I’m going to sound like a cranky old guy today which may or may not be an apt description of how I’m feeling. Please don’t confuse the tone with the message. I have been thinking for quite a while about this and I guess it’s time to get it off my chest.
I’m sad for an entire group of young people. Without painting with too broad a brush stroke, there seems to be an entire generation of youngsters I’ve been encountering more and more often that I’ve come to call “Generation Whatever.” Let’s call them “GenW” for short. I’d characterize them as “along for the ride.” They do the work that’s asked of them and not much more. They seem way more interested in what’s happening on their phones than what’s going on in front of them. They’re generally not particularly proactive. This has nothing to do with their smarts – many of the GenW’s I’ve encountered are well-educated and pretty intelligent. No, this has to do with attitude.
One of the things about which I’m proud is that I’m a damn good teacher – references available on request. Over the years I’ve developed a lot of very fine executives and inherent in each of them was a willingness to learn and a desire to improve. Lately it seems that when I start down the development path with a number of GenW’s I get their stock answer as we discuss where things can get better.
You realize that inputting data that way will make it difficult to search and compile information later? Whatever.
You used a spell-check but didn’t read it yourself so this newsletter copy uses a homophone of the correct word. Whatever.
I’m not talking about slackers here. They’re generally not goofing off. They just don’t seem to have any sort of professional attitude. Perhaps for many of them it’s just their day job – what they do to earn the money that allows them to pursue what they love. Maybe they were indulged as children and never made to take responsibility. Maybe I’m just too damn old but I don’t think so. I’ve discussed my thinking with other professionals 20 years younger than I am and they share the feeling.
Maybe it comes from a world in which version 1.0 of anything is usually riddled with errors and gets continual updating (How do we test software? We release it!). Maybe much of the business world has fallen to lower standards so they don’t feel so out of touch. Maybe they are really perfectionists who are trying to protect themselves from embarrassment, criticism, anger and the withdrawal of love or approval. I’m not sure and I’m not sure I care. All is know is that it doesn’t bode particularly well for any of us in business.
Am I off base here? And PLEASE – any comments of “whatever” are really not appreciated!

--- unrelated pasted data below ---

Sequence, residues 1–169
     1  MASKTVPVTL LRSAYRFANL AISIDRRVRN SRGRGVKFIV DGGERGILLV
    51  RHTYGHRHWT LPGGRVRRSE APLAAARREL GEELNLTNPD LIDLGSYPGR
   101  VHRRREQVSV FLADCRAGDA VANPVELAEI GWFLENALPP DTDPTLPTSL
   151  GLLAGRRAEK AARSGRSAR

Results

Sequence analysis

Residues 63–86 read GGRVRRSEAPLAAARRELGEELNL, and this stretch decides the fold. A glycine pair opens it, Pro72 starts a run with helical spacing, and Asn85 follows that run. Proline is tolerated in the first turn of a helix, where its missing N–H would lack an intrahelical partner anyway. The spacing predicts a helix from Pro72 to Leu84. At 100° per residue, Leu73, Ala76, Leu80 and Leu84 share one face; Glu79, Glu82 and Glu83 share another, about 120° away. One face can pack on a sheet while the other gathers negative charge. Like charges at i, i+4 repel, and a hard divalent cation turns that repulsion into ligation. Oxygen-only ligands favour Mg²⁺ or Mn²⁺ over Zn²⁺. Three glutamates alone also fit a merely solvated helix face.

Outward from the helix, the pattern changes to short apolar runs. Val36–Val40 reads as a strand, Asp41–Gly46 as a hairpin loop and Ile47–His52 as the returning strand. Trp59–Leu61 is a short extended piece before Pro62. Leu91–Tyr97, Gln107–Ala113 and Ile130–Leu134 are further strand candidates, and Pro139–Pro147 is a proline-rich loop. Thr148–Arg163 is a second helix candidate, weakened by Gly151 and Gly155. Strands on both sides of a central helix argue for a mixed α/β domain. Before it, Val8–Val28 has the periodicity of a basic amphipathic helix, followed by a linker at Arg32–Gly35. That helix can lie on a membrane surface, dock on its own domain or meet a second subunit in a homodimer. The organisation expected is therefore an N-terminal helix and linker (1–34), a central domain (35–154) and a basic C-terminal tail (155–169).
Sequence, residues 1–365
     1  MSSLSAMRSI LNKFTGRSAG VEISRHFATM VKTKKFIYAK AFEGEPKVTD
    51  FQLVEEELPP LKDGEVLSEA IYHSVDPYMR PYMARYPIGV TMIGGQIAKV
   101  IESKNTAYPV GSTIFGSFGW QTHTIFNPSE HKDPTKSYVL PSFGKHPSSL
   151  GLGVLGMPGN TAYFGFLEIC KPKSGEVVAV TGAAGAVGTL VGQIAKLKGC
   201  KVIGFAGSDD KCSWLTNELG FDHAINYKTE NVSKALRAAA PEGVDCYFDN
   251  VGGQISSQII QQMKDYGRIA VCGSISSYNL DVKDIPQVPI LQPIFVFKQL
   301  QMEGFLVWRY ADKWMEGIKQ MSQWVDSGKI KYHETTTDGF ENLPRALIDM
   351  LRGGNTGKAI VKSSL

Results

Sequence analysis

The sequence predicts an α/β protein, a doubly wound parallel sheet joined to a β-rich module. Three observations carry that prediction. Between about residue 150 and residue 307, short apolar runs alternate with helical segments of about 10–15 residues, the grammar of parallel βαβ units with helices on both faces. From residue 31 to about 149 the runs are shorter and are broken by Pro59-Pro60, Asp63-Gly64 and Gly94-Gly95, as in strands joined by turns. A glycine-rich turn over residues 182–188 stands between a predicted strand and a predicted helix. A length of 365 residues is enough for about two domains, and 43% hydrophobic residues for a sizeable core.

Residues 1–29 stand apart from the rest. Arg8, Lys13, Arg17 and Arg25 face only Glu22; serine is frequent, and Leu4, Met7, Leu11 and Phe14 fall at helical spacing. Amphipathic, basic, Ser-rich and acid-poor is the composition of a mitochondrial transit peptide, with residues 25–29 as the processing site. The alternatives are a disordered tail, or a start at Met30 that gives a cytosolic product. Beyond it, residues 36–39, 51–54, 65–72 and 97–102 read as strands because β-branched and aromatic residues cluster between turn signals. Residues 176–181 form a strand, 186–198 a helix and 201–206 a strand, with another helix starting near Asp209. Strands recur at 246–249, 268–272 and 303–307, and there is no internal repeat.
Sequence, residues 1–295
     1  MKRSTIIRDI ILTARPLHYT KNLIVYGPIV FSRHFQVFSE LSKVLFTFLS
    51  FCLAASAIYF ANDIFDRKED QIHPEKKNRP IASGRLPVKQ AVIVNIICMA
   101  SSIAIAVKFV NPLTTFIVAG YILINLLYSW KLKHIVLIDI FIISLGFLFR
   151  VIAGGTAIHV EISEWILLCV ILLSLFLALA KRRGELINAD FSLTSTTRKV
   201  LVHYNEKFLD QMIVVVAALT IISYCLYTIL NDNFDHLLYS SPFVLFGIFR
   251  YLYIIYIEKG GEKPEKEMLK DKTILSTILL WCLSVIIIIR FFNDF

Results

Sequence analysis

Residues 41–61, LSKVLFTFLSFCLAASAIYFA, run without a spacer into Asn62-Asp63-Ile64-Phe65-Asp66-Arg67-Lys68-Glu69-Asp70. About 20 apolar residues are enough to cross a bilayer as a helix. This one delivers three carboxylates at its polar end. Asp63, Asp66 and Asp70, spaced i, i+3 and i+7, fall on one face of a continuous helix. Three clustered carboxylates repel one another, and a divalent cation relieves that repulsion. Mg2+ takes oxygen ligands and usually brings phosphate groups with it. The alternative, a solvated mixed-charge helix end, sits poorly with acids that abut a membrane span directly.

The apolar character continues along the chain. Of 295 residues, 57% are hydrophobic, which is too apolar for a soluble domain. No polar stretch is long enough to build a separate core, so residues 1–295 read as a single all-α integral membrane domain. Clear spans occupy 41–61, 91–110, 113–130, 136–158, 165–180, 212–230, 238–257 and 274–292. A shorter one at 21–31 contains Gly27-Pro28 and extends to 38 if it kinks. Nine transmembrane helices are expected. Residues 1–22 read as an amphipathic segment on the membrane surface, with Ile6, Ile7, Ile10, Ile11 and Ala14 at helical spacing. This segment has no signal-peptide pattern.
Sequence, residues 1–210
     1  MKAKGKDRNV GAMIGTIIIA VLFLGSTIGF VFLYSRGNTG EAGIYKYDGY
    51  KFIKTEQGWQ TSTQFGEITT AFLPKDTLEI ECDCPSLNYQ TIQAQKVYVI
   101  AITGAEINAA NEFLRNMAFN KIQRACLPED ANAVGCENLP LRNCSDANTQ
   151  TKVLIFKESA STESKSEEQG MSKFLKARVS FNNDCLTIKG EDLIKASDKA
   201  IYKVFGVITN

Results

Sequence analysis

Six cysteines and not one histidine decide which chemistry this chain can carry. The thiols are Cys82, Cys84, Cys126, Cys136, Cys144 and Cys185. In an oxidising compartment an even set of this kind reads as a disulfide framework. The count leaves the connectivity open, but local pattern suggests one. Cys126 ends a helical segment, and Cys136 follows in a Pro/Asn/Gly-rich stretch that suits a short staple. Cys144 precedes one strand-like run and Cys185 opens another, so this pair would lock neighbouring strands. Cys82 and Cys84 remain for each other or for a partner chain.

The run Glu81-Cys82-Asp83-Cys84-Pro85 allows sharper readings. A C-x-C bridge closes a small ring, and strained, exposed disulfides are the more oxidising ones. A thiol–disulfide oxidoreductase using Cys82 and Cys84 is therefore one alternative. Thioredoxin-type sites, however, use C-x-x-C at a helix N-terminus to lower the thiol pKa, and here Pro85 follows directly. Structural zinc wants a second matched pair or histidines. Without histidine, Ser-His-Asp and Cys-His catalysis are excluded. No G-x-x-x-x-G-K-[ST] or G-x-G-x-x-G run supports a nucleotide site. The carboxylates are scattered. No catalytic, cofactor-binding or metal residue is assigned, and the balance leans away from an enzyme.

Some of you know that my professional training was as an educator. Hopefully that shows on the screed from time to time. In fact, my wife and eldest child are also trained teachers and my youngest does education as part of her profession. Focusing on the skills people need is a big deal in our house and that got me thinking about what those skills might be.
I spend a ton of time in the tech world. There are new skills that my clients feel as if they need to acquire almost every day. What is the latest and greatest way to code? How do we employ the social media platform du jour in order to stand out and engage our customer base? What’s the best way to run an A/B test of landing or other pages to optimize conversion rates? Those are only a few of the components of the rapidly changing skill set business people might need these days. You probably won’t find me working with them on those initially.
Instead, I like to start with the skills that matter. First and foremost of these is critical thinking. How would I define that? This is from The National Council for Excellence in Critical Thinking, way back when in 1987 and I think it says it pretty well:
Critical thinking is the intellectually disciplined process of actively and skillfully conceptualizing, applying, analyzing, synthesizing, and/or evaluating information gathered from, or generated by, observation, experience, reflection, reasoning, or communication, as a guide to belief and action. In its exemplary form, it is based on universal intellectual values that transcend subject matter divisions: clarity, accuracy, precision, consistency, relevance, sound evidence, good reasons, depth, breadth, and fairness.
That skill trumps the others. It’s the ability to figure out what data points matter and why. It’s understanding core business issues and not permitting the noise of the business world to clutter up that understanding. It’s what you use, having achieved that understanding, to choose the tools with which to carry out the business goals, strategies, and tactics. The point is this: the tools will change; the need to possess the ability to think critically won’t. Kids learning Word in the schools today may not use it in 10 years. I guarantee they will need to be able to figure out the world around them.
There are other key skills, of course. Writing and speaking clearly are the next in line for me since if you can’t explain your excellent thinking it does little good to the business. First things first, however. That’s how I see it. You?
This is the time of year when I have to make a mental adjustment to my timings. If you want to go anywhere around this town early in the morning or in the early afternoon, you need to add 10 minutes for the school buses. Never fails that when you’re in a hurry you wind up behind one!
My older daughter is a teacher and both my wife and I began our careers that way. It’s a big responsibility showing other people – young other people – the way to navigate themselves through a particular topic and, hopefully, the world in general. There’s also something teachers are required to do which is a great thought for those of us out in the business world. Continue reading